Here we report a unique cellular reprogramming phenomenon, called stimulus-triggered acquisition of pluripotency (STAP), which requires neither nuclear transfer nor the introduction of transcription factors. In STAP, strong external stimuli such as a transient low-pH stressor reprogrammed mammalian somatic cells, resulting in the generation of pluripotent cells. Through real-time imaging of STAP cells derived from purified lymphocytes, as well as gene rearrangement analysis, we found that committed somatic cells give rise to STAP cells by reprogramming rather than selection. STAP cells showed a substantial decrease in DNA methylation in the regulatory regions of pluripotency marker genes. Blastocyst injection showed that STAP cells efficiently contribute to chimaeric embryos and to offspring via germline transmission. We also demonstrate the derivation of robustly expandable pluripotent cell lines from STAP cells. Thus, our findings indicate that epigenetic fate determination of mammalian cells can be markedly converted in a context-dependent manner by strong environmental cues . © 2014 Macmillan Publishers Limited.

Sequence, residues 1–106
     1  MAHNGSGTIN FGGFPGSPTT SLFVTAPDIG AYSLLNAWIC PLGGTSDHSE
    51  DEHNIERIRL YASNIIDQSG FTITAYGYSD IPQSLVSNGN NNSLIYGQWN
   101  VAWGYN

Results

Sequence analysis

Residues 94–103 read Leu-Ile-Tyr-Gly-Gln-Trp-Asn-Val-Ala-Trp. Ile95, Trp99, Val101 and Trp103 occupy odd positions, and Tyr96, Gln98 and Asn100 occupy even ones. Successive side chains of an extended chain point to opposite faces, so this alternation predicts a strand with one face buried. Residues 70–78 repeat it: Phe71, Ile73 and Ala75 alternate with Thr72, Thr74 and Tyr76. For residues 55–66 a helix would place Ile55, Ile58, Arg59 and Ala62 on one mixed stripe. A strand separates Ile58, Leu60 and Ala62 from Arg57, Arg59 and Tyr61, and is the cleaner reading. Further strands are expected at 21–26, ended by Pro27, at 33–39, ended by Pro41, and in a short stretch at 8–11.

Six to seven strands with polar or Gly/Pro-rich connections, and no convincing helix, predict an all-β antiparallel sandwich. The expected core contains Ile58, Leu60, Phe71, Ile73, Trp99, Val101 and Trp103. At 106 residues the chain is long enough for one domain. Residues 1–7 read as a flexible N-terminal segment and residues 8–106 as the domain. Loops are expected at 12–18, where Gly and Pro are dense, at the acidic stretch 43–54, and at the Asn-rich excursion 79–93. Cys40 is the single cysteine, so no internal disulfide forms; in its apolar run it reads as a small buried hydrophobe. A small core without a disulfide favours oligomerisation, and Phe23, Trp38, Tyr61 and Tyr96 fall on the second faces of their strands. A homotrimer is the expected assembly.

Obokata, H., Wakayama, T., Sasai, Y., Kojima, K., Vacanti, M. P., Niwa, H., … Vacanti, C. A. (2014). Stimulus-triggered fate conversion of somatic cells into pluripotency. Nature, 505(7485), 641–647. https://doi.org/10.1038/nature12968